How the downfall of Tiger Woods is reminiscent of the great Seve Ballesteros.

Watching Tiger Woods at Valhalla, Paul Azinger found it difficult to observe what he described as “Vincent Van Gogh painting by numbers.”

Nick Faldo suggested the Tiger era is over. Yet after watching his old rival over two days, 36 holes and 148 mostly mediocre and sometimes shocking shots, Phil Mickelson said he “didn’t notice” (aye, right Phil) Woods’ physical, mental and technical discomfort while missing the cut by five shots.

Any or all might be true. But as that equally renowned (non) frequenter of the links Karl Marx was first to point out, history has a knack of repeating itself: “First as tragedy, second as farce.”

In other words, Woods appears to be morphing into a 21st-century version of the late Seve Ballesteros – and not in a good way.

The similarities are striking. Plagued by a perennially bad back, Ballesteros endured a slow, steady erosion of his physical capabilities that cruelly affected his ability to hit solid or straight shots.

Towards the end of his career, the great Spaniard was a pathetic sight. Only occasionally did he find a fairway with his driver and only by dint of a genius-level short game was he capable of breaking 80.

Woods, of course, hasn’t reached such a hapless stage. Not yet at least.

In fact, were it not for the stark deterioration in his once-peerless swing, it can be argued that a brace of 74s so soon after major back surgery represented no mean effort.

But there’s more going on here than a man searching for form or feel.

Sad to say when the individual in question has surely played the game better than anyone ever has, this is a golfer in terminal decline, both between his ears and from head to toe.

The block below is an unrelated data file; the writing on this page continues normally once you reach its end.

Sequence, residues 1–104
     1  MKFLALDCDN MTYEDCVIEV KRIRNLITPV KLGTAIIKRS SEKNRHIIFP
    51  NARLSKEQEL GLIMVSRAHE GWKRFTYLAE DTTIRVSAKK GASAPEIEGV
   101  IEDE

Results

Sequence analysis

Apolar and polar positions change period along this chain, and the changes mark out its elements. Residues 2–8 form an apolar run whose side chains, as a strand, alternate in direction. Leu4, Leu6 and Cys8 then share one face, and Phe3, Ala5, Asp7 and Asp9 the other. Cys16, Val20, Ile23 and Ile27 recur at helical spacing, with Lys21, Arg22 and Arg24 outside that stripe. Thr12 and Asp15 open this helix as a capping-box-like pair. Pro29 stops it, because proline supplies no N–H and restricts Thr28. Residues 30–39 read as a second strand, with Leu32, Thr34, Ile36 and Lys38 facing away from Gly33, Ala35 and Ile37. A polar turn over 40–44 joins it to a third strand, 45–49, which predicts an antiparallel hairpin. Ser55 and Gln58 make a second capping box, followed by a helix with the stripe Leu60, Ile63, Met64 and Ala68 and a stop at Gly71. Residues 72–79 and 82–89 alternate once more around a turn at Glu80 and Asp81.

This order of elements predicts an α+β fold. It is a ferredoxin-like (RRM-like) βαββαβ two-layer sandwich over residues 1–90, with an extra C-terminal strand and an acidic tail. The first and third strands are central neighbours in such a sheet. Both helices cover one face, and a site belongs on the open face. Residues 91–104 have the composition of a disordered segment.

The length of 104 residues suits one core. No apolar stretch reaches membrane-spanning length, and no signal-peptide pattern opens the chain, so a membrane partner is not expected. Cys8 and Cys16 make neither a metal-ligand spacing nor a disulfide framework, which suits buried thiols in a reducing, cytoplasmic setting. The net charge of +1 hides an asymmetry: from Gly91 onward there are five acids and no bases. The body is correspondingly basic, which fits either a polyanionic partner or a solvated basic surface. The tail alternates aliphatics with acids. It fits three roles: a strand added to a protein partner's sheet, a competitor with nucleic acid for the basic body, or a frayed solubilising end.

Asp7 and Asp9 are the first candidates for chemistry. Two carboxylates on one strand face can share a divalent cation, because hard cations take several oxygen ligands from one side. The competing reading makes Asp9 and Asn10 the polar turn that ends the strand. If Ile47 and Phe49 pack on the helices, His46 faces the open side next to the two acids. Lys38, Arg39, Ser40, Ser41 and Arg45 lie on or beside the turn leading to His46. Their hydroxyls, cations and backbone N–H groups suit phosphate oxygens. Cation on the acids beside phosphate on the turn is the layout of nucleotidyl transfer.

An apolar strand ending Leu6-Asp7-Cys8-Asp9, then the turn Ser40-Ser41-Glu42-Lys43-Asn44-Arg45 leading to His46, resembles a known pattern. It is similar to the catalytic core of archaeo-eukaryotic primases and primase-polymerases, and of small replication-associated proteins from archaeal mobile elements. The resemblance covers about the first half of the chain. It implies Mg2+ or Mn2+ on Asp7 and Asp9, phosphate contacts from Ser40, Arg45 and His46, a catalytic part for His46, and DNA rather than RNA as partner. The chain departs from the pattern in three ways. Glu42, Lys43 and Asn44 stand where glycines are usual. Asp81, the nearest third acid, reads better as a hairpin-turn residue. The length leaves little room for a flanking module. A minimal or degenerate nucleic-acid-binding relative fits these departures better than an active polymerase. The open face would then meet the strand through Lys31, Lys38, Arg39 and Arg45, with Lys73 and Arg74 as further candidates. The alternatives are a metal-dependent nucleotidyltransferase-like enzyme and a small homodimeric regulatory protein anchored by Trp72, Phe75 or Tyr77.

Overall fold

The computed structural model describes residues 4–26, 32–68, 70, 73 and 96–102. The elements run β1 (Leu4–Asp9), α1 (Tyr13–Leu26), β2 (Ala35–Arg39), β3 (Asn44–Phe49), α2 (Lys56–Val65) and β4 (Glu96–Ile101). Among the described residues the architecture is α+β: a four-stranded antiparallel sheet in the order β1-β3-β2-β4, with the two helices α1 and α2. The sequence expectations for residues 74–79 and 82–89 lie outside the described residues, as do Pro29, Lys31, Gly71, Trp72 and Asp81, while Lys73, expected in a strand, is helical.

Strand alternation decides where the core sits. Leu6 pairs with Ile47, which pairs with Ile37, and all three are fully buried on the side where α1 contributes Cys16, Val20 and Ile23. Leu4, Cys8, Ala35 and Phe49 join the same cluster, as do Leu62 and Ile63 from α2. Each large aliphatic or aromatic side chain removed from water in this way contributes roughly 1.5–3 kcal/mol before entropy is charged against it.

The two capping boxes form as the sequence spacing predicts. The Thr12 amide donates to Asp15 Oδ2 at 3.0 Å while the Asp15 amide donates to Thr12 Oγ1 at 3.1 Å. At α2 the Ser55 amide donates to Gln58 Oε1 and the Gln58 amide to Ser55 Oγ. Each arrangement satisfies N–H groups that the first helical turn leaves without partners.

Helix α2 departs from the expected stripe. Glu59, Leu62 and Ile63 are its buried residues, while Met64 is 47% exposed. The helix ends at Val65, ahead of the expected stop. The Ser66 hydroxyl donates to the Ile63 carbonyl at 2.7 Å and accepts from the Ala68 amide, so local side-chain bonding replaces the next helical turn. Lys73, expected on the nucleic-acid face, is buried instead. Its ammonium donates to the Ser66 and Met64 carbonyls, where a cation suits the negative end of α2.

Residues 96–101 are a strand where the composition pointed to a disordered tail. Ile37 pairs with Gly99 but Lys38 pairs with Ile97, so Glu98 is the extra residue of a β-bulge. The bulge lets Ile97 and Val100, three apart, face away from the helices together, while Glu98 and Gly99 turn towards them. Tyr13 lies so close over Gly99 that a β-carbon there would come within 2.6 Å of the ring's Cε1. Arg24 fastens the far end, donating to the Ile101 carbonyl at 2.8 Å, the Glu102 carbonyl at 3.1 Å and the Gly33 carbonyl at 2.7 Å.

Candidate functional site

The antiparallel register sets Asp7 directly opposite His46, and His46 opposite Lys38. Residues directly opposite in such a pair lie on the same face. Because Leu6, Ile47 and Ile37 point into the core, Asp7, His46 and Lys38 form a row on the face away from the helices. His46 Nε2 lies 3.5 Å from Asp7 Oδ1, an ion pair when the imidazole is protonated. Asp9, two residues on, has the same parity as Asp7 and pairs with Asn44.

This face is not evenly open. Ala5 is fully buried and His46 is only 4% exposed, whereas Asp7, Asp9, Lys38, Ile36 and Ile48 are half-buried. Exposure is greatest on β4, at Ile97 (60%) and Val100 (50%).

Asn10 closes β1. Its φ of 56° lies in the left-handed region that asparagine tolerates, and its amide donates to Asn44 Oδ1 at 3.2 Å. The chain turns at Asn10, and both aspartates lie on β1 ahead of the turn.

Most strikingly – and eerily reminiscent of Ballesteros –Woods appears to have contracted a virulent version of the driving yips.

With an iron in his hands, his swing has retained at least a semblance of its former power and rhythm.

But when the longest club in his bag is placed in his no-doubt sweaty palms, it’s anyone’s guess.

Faster, shorter and way more violent, it’s the anxiety-ridden action of someone who has lost control.

It remains to be seen how much longer Woods is prepared to tolerate that he’s no longer competitive at the highest level.

His priority (and hopefully the most straightforward) must be to regain full fitness.

Then, a series of prolonged practice sessions would seem to be in order.

The swing he has now is clearly not going to be successful. Assuming steps one and two have been negotiated successfully, there’s the not-insignificant matter of his seemingly frayed nerves when the pressure of tournament golf is upon him.

Woods has been seeing way more bad shots than good for a while now. The scar tissue has been growing exponentially.

When his emotional needle becomes fixed beyond “red for danger” on the dial, the scenario portends – yet again like Seve – an early retirement.

It’s said that every golfer only has so much fuel in the tank. Ever since the world began putting his genius under a microscope so long ago, Woods has used his with a riveting zeal.

But it has become clear that he’s almost out.